We report a 47-year-old man who underwent endoscopic gastrostomy placement due to feeding refusal and regurgitation. Procedure was unremarkable. Two days later, the patient presented signs of intestinal obstruction. Computed tomography imaging showed a well-positioned gastrostomy tube, small pneumoperitoneum, and small bowel volvulus (SBV) in the upper right abdomen with proximal small bowel dilated loops. Exploratory laparotomy revealed mesenteric torsion, leading to SBV, with no evidence of intestinal malrotation. Volvulus was successfully untwisted via surgery. This case highlights to the possible association between SBV and gastrostomy placement.
Since its introduction in 1980, percutaneous endoscopic gastrostomy (PEG) has gained worldwide acceptance as a safe technique for providing enteral feeding in patients with poor oral intake who have a functional gastrointestinal system.1 Although safe, PEG tube insertion can result in minor or even major complications, but most patients do well with them. Serious complications requiring further intervention have been reported in 0.4–4.4% of procedures; these complications include peristomal leakage, necrotizing fasciitis, gastric bleeding, organ injury, tumor seeding, and death.2 Pneumoperitoneum following PEG is a known minor complication occurring after 8–18% of procedures; it is usually benign and self-limited, although there are reports of a higher rate of associated complications.3–5
Small bowel volvulus (SBV) is a rare complication after PEG placement. SBV is an abnormal twist of a bowel loop around its own mesentery, leading to mechanical intestinal obstruction and bowel ischemia. There is a predilection for males (2:1), and peak incidence occurs in patients older than age 60 years.6SBV may be primary or secondary; primary volvulus is rare, mainly occurring in the neonatal period due to intestinal malrotation. There are a few reported cases of SBV after PEG placement where the PEG probe was found to have penetrated the mesentery root, thereby causing SBV.7,8
A 47-year-old man was referred to gastroenterology observation due to a progressive history of refusing to eat, regurgitation, and weight loss, which led to the placement of a nasogastric feeding tube. His medical history was notable for cerebral palsy and no previous abdominal surgeries; he was usually medicated with lansoprazol, baclofen, trazodone, and valproic acid. An elective admission for PEG placement was planned. Pre-anaesthetic study was unremarkable. The PEG placement was performed under antibiotic prophylaxis and anaesthesia, by pull method and safe tract technique, without immediate complications.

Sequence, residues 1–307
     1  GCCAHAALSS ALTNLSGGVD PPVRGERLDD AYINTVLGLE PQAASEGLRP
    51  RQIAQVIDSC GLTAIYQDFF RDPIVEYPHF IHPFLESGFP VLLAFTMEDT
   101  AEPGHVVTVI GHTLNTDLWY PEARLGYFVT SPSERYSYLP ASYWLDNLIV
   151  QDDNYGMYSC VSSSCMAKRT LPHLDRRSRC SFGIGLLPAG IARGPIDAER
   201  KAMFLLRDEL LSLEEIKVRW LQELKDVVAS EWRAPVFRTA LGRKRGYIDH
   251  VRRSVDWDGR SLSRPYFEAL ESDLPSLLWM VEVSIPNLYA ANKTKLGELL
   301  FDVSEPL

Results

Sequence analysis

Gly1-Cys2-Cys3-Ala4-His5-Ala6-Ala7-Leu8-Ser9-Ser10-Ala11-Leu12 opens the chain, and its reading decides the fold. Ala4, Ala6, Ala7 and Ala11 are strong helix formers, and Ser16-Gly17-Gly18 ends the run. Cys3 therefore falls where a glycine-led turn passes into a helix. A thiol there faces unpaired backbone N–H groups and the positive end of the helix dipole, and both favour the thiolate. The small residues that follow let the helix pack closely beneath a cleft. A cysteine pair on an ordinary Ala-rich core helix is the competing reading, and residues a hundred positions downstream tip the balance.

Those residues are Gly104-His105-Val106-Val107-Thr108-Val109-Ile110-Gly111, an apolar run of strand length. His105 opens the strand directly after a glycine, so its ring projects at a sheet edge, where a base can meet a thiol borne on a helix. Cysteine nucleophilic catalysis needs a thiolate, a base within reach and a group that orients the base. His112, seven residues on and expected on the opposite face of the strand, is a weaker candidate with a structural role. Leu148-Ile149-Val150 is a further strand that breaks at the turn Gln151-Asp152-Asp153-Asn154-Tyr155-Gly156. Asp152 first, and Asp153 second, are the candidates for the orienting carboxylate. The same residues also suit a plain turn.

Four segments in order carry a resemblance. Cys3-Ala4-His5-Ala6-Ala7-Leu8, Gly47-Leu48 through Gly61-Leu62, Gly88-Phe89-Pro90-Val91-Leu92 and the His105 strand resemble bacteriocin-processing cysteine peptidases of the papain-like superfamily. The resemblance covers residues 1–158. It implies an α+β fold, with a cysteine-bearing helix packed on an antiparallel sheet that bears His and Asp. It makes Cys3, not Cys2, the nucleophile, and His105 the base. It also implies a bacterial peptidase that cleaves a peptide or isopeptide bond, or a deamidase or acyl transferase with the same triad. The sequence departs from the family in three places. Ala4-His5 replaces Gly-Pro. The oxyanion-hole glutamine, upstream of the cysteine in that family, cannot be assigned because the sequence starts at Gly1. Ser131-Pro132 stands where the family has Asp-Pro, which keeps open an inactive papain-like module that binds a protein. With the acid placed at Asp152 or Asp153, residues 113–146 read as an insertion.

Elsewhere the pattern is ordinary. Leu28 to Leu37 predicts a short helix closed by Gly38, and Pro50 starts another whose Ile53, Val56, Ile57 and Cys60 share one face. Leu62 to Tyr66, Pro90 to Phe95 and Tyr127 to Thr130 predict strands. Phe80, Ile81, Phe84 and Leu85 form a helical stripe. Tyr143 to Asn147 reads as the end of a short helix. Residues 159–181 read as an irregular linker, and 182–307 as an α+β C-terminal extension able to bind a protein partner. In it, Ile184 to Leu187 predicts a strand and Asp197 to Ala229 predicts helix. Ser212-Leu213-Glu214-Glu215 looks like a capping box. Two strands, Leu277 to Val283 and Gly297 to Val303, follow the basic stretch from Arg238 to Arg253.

The patient started gastrostomy feeding 6 hours after the procedure without complaints. Two days after the PEG procedure, he experienced fever, cough, and constipation. An abdominal exam revealed signs of peritoneal irritation, and a PEG probe revealed dark drainage. Diagnostic blood tests showed elevated C-reactive protein (17 mg/dL), thoracic radiography showed a right lung consolidation, and abdominal radiography showed marked dilation of the small bowel loops, suggestive of an abdominal obstruction (Figure 1).
Figure 1. Abdominal radiography showing important dilation of small bowel loops.
Abdominal computed tomography (CT) revealed a well-positioned gastrostomy tube, with a contrasted product administered via the gastrostomy passing into the duodenum with no leakage to other loops or peritoneum, as well as slight pneumoperitoneum and marked distension of proximal small bowel loops with clear caliber loop transition at the level of the upper right abdomen, compatible with SBV (Figure 2). An exploratory laparotomy revealed a mesenteric torsion, leading to SBV, without evidence of intestinal malrotation. The volvulus was manually untwisted, and no intestinal vascular compromise was noted. The patient started antibiotherapy and kinesiotherapy, and he was discharged clinically well and tolerating diet via the gastrostomy.